\varphi_M : G_{\text{reg}} \to K, \quad g \mapsto \sum_i \lambda^{-1}(\zeta_i(g)).

We have the following properties:

  • If N ⊆ M is a submodule, then \varphi_M = \varphi_N + \varphi_{M/N}. This is easily seen by taking a k-basis of N, then extending to give a k-basis of M. Hence \varphi_M =: \varphi_{[M]} is independent of our choice of [M] in the Grothendieck group R_k(G).
  • For any k[G]-module M, consider its k-dual M* with G acting on it via g\cdot f := f\circ g^{-1} : M\to M. Then \varphi_{M^*}(g) = \varphi_M(g^{-1}).
  • For any two k[G]-modules MN, we have \varphi_{M\otimes_k N}(g) = \varphi_M(g) \varphi_N(g) for all p-regular g. [ Note that the tensor product is over k and not k[G]. ]

Next we would like to relate modular characters and standard ones, so suppose N is an R[G]-module. Then we have:

N_K := K\otimes_R N, \qquad N_k := N/\pi N,

K[G]-module and k[G]-module. The first one gives a standard character \chi_N := \chi_{N_K} : G\to K and the second one gives a modular character \varphi_N := \varphi_{N_k} : G_{\text{reg}} \to K. From the definition, we have:

\varphi_N = \chi_N |_{G_{\text{reg}}} : G_{\text{reg}} \to K.

Hence, in our cde diagram:


we have: \varphi_{d(N)} = \chi_N|_{G_\text{reg}}.

On the other hand, let us compare \varphi_P and \chi_{e(P)}. These clearly give the same values for all p-regular g. Furthermore, the following shows that \varphi_P(g) = 0 when g is p-singular.

Proposition. Let M be a finitely-generated projective R[G]-module. If g is p-singular then \chi_M(g) = 0.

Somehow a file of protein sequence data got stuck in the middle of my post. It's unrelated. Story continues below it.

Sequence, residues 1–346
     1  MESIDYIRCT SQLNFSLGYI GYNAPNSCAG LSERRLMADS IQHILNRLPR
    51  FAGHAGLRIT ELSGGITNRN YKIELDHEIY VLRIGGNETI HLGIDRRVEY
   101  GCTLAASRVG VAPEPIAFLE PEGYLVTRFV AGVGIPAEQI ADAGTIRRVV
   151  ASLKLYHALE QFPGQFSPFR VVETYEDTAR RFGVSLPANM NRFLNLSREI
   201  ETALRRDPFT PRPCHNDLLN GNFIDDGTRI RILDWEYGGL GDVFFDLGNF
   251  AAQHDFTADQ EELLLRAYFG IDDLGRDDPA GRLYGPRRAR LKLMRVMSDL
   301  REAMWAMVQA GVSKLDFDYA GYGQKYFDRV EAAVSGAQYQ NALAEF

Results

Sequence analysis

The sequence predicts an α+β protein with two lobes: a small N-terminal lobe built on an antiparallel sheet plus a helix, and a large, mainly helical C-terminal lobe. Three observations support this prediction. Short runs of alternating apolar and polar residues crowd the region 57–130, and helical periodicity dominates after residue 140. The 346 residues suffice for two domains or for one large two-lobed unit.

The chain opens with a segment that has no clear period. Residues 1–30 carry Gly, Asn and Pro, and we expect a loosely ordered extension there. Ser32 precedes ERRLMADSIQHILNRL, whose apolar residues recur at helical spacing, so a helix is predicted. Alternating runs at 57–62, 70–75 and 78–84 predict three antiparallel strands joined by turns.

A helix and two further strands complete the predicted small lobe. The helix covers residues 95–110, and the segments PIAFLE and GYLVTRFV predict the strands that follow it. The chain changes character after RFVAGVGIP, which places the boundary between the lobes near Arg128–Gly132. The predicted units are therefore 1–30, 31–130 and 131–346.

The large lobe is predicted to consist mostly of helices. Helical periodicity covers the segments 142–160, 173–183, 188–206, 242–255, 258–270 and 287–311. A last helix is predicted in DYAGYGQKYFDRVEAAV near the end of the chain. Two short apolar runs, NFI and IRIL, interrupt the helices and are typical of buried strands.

First, note that M is projective over R[H] for any subgroup H of G since R[G] is free over R[H]. Hence, replacing G with the subgroup generated by g, we may assume G is cyclic and generated by g. This gives:

R[G] = R[T]/\left< T^{m\cdot p^r} - 1\right>

where m is coprime to p and r>0 since g is p-singular. We need to show that multiplication-by-T has trace zero for every indecomposable projective R[G]-module M. But this corresponds to an indecomposable projective k[G]-module N := MM and we may classify all N by decomposing k[G]:

k[G] = k[T]/\left<T^{m\cdot p^r}-1\right> \cong \oplus_i k[T]/\left<(T - \zeta_i)^{p^r}\right>

where each direct-sum factor is indecomposable since its radical \left< T-\zeta_i\right> is of codimension 1. The corresponding R[G]-module is then M_i=R[T]/\left<T^{p^r} - \zeta_i'\right>. Since r>0, multiplication by T has trace zero in each M_i: this is readily seen by taking the basis \{1, T, \ldots, T^{p^r-1}\} which maps to \{T, \ldots, T^{p^r-1}, \zeta_i'\}. ♦

Summary. In the c-d-e diagram above, we have:

\varphi_{d(N)} = \chi_N|_{G_{\text{reg}}}, \qquad \chi_{e(P)} = \varphi_P

where in the second equality, \varphi_P is extended to a function G→K by mapping all p-singular elements to zero.


Computing Pairing over k

Our next job is to find a formula for the pairing:

\left< P, M\right>_k := \dim_k \text{Hom}_{k[G]}(P, M)

for a projective k[G]-module P and general k[G]-module M. First some preliminaries:

Lemma. If M is a projective k[G]-module, then so are M^* and M\otimes_k N for any k[G]-module N.


Since M is projective, it is a direct summand of some k[G]n. Since dual and tensor product commute with finite direct sums, it suffices to prove this for Mk[G]. In this case, M^* and M\otimes_k N are in fact free over k[G].

To check that a general k[G]-module V is free, it suffices to find a k-subspace W ⊆ V such that V=\oplus_{g\in G} gW. For the dual we pick k\cdot f \subseteq k[G]^* where fk[G]→k takes e to 1 and all other g to 0; and for the tensor product, we pick k\cdot e\otimes_k N \subseteq k[G]\otimes_k N. ♦

Now we compute the pairing:

\left< P, M\right>_k = \dim_k (\overbrace{P^* \otimes_k M}^{:=Q})^G = \dim_k Q^G = \dim_R (\tilde{Q})^G = \dim_K (K\otimes_R \tilde{Q})^G